“If you’re truly trying to do more than one thing, you’re actually going to take a hit at everything that you’re trying to do. You’re going to do each of those things slightly less productively, and the key thing here is a concept called switch cost. It costs you…time and energy to switch your attention from one [task] to the other”

You can develop an ability to focus by giving each work day a theme. Assigning one means concentrating solely on one key area of your work or business, for as long as possible, without switching to another area.

Great Work Demands Focus

Either invest time or intense energy in your work.

  • Leonardo daVinci spent four years painting the Sistine Chapel.
  • Danny Hill’s concept The Clock of Long Now will last for 10,000 years, if it succeeds (with Jeff Bezos paying the bills, it might).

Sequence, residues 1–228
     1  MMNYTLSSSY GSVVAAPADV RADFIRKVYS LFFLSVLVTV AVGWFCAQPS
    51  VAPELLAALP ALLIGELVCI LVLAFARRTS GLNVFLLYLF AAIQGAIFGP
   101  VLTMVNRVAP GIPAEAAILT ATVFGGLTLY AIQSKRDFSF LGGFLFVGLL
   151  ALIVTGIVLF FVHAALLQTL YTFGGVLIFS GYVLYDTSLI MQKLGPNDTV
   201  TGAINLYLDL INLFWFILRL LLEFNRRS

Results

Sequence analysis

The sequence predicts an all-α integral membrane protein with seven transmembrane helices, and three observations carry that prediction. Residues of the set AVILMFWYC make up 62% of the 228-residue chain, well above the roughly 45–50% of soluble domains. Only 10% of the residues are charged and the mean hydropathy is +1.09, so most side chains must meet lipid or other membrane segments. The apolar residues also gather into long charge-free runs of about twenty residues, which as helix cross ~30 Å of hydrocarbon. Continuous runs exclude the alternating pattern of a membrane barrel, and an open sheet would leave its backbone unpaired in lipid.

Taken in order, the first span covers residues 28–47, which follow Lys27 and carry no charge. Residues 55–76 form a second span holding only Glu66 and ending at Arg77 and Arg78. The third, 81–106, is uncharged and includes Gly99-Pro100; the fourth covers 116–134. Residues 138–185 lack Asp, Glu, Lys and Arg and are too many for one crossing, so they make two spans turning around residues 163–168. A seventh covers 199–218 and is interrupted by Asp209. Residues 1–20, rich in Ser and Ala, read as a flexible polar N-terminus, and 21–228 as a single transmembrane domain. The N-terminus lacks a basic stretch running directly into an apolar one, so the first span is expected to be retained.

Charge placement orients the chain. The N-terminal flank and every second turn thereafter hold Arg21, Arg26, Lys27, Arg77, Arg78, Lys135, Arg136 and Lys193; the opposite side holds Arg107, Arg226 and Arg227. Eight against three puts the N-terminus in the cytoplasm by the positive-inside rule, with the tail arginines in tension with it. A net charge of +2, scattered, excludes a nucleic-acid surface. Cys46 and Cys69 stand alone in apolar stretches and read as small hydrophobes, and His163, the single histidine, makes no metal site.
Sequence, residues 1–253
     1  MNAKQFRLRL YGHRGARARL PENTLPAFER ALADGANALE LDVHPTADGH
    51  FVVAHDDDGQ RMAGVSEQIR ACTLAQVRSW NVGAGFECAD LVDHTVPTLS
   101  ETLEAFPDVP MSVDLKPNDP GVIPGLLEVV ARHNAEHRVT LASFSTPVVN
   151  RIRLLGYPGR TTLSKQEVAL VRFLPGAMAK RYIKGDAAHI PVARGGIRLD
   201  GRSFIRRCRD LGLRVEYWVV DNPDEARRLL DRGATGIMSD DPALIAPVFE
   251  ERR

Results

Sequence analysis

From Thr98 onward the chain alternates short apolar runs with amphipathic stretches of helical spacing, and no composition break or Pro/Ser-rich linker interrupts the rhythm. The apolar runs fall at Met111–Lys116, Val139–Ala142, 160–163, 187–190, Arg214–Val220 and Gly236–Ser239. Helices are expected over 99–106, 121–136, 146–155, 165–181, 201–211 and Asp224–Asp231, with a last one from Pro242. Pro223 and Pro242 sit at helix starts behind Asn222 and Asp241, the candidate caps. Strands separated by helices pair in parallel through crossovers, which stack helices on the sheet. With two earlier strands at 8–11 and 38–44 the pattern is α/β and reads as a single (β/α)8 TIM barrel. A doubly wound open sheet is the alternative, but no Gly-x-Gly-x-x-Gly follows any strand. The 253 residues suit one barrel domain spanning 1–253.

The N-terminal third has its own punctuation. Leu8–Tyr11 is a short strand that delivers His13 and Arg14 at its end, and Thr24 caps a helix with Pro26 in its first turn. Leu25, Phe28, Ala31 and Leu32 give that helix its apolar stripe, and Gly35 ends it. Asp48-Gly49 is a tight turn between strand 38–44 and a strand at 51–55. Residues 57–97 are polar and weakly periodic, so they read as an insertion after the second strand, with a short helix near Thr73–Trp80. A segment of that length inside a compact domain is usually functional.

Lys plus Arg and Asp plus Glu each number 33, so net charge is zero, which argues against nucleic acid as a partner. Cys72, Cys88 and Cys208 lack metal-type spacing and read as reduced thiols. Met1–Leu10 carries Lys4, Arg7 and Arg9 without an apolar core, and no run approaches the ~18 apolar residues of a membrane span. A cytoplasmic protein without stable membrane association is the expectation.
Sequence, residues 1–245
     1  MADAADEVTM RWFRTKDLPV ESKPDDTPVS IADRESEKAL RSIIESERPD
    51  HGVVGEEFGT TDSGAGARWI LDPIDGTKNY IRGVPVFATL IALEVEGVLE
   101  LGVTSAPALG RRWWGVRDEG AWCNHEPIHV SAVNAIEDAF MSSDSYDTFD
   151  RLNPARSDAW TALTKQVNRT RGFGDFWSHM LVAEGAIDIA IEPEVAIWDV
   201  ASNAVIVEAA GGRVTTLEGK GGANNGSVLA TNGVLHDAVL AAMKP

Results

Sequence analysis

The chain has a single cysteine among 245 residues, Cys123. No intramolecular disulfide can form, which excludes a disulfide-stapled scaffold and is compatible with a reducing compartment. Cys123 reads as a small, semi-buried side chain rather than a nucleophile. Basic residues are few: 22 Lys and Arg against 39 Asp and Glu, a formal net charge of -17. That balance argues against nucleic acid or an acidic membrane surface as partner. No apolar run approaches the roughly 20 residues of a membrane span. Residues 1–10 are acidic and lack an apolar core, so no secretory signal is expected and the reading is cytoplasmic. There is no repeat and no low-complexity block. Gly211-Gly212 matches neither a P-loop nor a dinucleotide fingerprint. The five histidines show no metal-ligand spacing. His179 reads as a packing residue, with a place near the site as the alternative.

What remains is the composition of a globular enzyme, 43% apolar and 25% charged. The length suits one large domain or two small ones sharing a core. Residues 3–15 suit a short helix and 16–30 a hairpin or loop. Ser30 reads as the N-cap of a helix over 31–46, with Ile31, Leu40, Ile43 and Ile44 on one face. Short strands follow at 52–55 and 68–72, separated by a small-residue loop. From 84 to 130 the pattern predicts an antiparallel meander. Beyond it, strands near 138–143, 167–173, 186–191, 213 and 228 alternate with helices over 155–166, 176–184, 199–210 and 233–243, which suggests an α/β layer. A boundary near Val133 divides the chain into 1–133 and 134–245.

• Richard Linklater’s Boyhood took thirteen years to film, between 2001 and 2013 (no creepy CGI needed).

A can CEO take their executive team on an off-site retreat to encourage creative thinking away from the daily demands of email, meetings and phone calls. In doing so, they concentrate the mental resources of their leadership team on a single agenda and not on daily business priorities.

A solo-preneuer could spend their entire day interviewing customers because they want to prioritise customer research before they dive into creating their next information product.

Similarly, the business writer could check into a hotel to finish their book without distraction. They concentrate their creative power on a single project.

How To Pick A Theme For Your Day